Keywords: School closure, education finance, student outcomes.
    JEL Classification: H52, I22, I24.

    The views expressed are those of the author(s) and do not necessarily represent those of the Bank of Lithuania.

No 94

Emergence of Subprime Lending in Minority Neighborhoods

  • Abstract

    Subprime lending is concentrated among minorities and in minority neighborhoods. However, the literature has little evidence for what led to the rise of subprime lending in minority neighborhoods. We use the endorsement of FICO credit scores in mortgage underwriting by the Government Sponsored Enterprises (GSEs) in 1995 to answer this question. The use of credit scores led to the sorting of prime and subprime lenders across minority and non-minority neighborhoods. In minority neighborhoods prime lenders were substituted by subprime lenders and, as a result, the share of subprime lending in minority neighborhoods increased by 5 percentage points. Prime lenders with a stronger relationship with the GSEs reduced their lending in minority neighborhoods more. The level of securitization by the GSEs in minority neighborhoods also decreased.

    Keywords: Mortgages, Subprime lenders, GSEs, Securitization, Minorities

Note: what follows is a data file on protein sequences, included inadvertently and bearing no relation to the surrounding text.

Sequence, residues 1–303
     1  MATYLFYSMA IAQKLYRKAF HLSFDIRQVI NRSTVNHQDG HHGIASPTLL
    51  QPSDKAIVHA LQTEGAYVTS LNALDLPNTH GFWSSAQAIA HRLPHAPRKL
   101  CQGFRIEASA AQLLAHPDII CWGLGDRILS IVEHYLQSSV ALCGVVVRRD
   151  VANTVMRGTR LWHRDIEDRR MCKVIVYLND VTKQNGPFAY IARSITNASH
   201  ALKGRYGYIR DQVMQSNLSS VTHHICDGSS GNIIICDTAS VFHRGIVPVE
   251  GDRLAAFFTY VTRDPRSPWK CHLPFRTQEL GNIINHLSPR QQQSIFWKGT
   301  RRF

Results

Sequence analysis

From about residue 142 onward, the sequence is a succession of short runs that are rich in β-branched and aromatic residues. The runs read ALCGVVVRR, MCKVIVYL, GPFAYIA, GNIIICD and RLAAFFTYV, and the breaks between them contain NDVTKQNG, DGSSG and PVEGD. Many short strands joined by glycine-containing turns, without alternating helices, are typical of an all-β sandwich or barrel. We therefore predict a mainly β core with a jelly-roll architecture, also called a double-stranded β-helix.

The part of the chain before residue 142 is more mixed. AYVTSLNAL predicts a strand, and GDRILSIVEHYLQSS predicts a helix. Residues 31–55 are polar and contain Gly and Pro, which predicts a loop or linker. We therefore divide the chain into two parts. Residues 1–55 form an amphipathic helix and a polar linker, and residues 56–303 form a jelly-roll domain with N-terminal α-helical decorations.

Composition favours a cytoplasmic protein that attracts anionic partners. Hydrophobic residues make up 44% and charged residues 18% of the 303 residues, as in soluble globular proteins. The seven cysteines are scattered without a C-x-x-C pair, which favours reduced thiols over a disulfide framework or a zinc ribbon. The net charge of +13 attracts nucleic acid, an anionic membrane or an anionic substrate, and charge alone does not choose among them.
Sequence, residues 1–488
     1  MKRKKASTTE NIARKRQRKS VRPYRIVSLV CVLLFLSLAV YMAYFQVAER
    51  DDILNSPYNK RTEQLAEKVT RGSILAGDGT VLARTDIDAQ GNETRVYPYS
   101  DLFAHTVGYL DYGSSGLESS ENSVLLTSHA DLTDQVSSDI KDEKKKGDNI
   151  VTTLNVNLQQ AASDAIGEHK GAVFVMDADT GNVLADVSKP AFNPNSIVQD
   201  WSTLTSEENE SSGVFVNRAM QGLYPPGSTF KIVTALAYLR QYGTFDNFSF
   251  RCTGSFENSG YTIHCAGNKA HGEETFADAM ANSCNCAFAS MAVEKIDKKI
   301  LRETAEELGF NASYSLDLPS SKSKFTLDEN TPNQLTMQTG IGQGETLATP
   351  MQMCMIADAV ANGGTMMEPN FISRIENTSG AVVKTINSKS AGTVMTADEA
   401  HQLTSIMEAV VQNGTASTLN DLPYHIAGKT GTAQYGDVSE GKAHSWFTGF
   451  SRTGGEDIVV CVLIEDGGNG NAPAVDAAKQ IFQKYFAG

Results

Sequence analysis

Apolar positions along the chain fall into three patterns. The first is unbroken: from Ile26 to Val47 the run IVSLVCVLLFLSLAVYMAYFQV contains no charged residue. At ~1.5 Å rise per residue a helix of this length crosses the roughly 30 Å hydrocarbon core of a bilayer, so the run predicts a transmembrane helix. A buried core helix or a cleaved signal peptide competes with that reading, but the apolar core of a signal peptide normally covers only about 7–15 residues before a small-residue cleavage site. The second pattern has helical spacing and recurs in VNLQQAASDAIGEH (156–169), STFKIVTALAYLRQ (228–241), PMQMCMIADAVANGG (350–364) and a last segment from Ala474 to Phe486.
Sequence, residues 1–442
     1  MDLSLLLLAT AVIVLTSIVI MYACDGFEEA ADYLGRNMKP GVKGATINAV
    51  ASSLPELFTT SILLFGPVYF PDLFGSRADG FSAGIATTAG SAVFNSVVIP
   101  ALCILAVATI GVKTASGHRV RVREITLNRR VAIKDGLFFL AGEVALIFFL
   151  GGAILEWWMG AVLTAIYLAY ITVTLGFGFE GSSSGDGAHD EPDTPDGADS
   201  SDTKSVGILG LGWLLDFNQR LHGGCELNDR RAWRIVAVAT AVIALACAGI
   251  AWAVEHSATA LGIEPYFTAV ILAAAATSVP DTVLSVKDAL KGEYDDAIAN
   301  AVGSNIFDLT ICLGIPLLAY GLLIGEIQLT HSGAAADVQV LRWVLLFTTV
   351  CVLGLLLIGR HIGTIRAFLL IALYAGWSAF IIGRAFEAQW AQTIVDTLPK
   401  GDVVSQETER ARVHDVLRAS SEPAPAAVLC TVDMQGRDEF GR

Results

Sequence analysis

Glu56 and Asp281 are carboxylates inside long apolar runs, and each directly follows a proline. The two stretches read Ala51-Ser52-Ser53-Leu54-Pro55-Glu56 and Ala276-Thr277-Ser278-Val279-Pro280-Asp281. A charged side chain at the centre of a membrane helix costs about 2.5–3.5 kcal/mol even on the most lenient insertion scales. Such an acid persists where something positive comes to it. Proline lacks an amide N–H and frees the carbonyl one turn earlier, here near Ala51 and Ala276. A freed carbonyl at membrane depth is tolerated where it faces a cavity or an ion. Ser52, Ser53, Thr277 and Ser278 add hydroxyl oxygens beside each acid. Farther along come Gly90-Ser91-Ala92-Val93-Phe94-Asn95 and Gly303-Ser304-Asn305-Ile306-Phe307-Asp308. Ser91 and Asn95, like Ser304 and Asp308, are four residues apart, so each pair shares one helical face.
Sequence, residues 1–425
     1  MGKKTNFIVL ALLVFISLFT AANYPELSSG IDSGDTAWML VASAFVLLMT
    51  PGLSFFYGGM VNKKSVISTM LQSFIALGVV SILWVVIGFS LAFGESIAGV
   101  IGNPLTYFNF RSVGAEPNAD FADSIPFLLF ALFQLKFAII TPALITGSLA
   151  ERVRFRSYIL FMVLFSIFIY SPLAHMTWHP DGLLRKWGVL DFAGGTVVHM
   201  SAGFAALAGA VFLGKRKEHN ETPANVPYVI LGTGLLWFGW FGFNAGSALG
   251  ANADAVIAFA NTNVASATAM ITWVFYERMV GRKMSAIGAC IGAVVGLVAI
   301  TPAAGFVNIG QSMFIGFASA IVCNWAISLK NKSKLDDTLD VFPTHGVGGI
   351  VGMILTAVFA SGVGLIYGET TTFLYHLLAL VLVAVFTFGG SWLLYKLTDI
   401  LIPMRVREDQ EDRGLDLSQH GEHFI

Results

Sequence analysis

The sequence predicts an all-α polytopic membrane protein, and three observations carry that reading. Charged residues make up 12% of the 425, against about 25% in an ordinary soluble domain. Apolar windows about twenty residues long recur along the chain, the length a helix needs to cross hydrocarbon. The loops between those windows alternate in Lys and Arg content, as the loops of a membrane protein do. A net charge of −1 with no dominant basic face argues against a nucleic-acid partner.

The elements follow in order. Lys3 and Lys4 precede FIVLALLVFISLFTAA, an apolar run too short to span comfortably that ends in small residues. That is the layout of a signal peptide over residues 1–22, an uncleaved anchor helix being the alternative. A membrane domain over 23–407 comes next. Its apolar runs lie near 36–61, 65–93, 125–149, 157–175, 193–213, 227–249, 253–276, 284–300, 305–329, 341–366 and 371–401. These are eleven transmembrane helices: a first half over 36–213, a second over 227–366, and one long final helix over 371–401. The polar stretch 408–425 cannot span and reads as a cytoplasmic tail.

JEL codes: G21, G28, J15, R23.

    The views expressed are those of the author(s) and do not necessarily represent those of the Bank of Lithuania.

No 78

Bowling Alone, Buying Alone: The Decline of Co-Borrowers in the US Mortgage Market

  • Abstract

    Using the universe of mortgage applications data and detailed credit performance data, we document that since the early 1990s there was a significant decline in the share of mortgages with co-borrowers. Although the decline was an almost universal phenomenon across different regions of the US, the rate of the decline showed significant spatial heterogeneity and in turn had implications for regional differences in economic activity. We show that the presence of a co-borrower reduces the mortgage default probability by more than 50 percent for both prime and subprime loans and those regions that had a lower co-borrower share prior to the crisis experienced higher mortgage default rates over the period 2007-2010. Higher default rates created spillovers on economic activity during the Great Recession: a lower co-borrower share at the regional level was also related to persistently lower house price growth, refinancing growth and mortgage credit growth. These results imply that the decrease in the share of mortgages with co-borrowers made the US mortgage market more vulnerable to the financial crisis and contributed to the divergence in economic outcomes across different regions.

    JEL Codes: G21, G51, R21. 

    The views expressed are those of the author(s) and do not necessarily represent those of the Bank of Lithuania.

No 69

Mortgage foreclosure risk after the Great Recession

  • Abstract